Creative collaborations will be the driver of meaningful change in payments and finance. This is particularly true when we are speaking about financial institutions and their partnerships with fintech companies. There was a large pendulum swing about five or six years ago; every financial institution wanted to have new tech embedded into their banking solution, but they were aiming to build it all from scratch internally instead of partnering with a fintech. In a lot of cases, this proved to take far too long and cost far too much. As a result, there is little differentiation among financial institutions and their online banking platforms. Their features and functions seem to be focused on utility instead of transparency, and their roadmap is often measured in years instead of months. 

Now is the time to have conversations about how to relieve pressure from your call centers and how to evolve your communication strategy so customers can continue to interact with you through purely digital channels. Now is the time to invest in an experience that delivers value back to the consumer by making it more manageable, easier to navigate and consolidates everyday actions across different life functions in one place. Now is the time to offer more personalized insights that retailers and other nontraditional competitors have already been leveraging. 

Verticalization in payments. What are you seeing when it comes to verticalization, and how do you think this will impact the state of payments in 2020 and beyond?

Anytime tech is willing to put the customer first, I get really excited – I get even more excited when there is an equal opportunity for businesses to gain control and prosper. Verticalization in payments offers the best of both worlds. We are seeing this morph into more automation of consumer data through marketing and loyalty programs that can be built bespoke through a customized CRM at POS. This CRM can link your POS data, connect to a customer email address and track through payment and transaction history. This eliminates the need for heavy Salesforce integration, saves money and enables personalized experiences. There will be sustained value for all players in the payment process if verticalization is continued.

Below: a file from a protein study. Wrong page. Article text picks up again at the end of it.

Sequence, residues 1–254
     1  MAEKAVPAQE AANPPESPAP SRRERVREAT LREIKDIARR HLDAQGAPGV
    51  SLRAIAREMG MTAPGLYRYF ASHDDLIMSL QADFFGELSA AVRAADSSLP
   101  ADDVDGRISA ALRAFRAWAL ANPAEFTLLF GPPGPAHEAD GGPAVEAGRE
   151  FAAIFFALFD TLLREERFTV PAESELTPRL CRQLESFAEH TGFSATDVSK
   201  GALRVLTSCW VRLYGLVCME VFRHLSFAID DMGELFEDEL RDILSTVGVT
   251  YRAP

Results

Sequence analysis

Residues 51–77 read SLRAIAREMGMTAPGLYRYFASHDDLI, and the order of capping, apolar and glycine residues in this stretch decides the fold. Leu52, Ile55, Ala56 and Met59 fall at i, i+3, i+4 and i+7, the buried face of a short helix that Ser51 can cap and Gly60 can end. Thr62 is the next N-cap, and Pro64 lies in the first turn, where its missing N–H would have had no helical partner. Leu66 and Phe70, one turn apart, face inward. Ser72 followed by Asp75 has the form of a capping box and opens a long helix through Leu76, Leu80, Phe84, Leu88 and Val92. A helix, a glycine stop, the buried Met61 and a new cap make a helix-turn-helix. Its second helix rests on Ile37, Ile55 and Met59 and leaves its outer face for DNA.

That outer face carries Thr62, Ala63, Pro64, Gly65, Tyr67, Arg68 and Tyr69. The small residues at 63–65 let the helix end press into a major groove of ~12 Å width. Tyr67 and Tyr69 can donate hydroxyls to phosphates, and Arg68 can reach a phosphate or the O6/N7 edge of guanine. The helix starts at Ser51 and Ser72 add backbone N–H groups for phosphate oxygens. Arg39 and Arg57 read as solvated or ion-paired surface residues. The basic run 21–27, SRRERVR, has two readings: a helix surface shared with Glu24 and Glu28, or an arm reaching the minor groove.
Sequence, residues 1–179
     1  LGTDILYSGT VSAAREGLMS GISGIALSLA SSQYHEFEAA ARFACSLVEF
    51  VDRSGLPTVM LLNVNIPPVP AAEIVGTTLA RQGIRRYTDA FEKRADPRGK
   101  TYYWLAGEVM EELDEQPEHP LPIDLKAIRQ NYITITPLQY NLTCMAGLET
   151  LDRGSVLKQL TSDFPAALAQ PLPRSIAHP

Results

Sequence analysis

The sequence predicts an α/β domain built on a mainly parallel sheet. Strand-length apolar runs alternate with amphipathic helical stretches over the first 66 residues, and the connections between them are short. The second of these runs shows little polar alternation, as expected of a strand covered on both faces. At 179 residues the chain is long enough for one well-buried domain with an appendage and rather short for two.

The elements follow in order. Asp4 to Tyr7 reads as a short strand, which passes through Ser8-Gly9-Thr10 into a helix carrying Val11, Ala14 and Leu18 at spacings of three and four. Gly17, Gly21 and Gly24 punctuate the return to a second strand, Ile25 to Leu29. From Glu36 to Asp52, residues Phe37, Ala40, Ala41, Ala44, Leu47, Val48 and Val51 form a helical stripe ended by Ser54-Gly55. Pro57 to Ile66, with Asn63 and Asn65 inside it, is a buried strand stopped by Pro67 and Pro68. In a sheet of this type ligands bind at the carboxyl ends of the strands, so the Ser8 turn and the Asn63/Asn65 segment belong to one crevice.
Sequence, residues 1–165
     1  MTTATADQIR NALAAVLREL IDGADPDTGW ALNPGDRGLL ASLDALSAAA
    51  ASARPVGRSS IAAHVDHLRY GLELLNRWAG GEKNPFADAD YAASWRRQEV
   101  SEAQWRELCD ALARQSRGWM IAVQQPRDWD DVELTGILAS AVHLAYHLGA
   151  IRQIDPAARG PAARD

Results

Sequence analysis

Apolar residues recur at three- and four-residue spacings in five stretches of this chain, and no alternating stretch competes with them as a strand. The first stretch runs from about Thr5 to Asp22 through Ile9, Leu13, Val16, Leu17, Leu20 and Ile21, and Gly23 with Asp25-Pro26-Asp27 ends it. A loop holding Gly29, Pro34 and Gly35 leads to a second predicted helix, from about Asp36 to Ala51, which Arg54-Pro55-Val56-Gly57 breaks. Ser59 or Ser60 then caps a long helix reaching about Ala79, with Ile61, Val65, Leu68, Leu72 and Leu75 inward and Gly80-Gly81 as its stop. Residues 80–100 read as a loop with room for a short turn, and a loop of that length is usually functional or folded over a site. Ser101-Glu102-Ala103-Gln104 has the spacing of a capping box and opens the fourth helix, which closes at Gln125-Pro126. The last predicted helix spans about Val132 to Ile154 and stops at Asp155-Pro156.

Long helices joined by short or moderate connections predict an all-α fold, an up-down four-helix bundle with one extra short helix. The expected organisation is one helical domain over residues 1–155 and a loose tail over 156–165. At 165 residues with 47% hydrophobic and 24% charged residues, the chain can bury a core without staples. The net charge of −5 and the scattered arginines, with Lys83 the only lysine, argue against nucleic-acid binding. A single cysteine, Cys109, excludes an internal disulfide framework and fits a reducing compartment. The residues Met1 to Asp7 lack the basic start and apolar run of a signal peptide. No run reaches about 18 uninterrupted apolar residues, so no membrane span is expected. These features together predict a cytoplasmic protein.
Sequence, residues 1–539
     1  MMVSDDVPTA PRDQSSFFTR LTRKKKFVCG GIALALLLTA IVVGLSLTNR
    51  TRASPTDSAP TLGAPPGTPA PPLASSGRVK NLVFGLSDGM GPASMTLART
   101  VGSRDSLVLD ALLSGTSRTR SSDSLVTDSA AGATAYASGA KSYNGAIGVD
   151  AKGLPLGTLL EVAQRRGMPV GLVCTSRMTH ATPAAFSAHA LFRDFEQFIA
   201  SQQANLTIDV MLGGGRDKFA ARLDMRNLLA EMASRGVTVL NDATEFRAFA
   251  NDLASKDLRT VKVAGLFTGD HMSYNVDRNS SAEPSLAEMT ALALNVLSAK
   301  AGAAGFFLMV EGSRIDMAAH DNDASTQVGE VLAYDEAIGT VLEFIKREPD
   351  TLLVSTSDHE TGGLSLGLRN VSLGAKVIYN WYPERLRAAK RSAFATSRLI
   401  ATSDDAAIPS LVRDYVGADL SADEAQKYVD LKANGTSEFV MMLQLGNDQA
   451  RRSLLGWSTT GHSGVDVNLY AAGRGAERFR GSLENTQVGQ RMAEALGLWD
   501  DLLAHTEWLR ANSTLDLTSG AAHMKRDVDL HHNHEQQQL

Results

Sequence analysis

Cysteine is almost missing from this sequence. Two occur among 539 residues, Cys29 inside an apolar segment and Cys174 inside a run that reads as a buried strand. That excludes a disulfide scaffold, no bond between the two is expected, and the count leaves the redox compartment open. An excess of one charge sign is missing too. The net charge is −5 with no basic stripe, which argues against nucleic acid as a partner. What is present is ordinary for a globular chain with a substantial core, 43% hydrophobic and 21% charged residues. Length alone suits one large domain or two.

What do you think the medium- and long-term impact of COVID-19 will be for the rest of 2020, and how should companies large and small prepare for the road ahead? 

In the medium-term, there can be a real opportunity to shift to more of a collaborative model between startups and the incumbents. Instead of a focus on disrupting an industry, I hope that healthy and collaborative competition will actually transform the experience for users – particularly in banking. I think this requires far more effort on the incumbents’ part than the start-up or scale-up. Truthfully, there aren’t many start-ups that can survive the 18-24 month sales cycle of traditional financial institutions. There needs to be a reckoning that addresses the survival requirements on both ends of the spectrum and focuses on finding some middle ground for implementation that will ensure everyone can prosper – because everyone CAN prosper.

In the long run, I believe that incumbents will need to build all their customer (or business)-facing platforms with an eye to easy integration for direct or API access to any start-up they want to partner with. The future will be more focused on a viable platform that can easily connect experiences to win customer loyalty and adoption. Lowering the barriers to test and implement new technology will be key to long-term survival.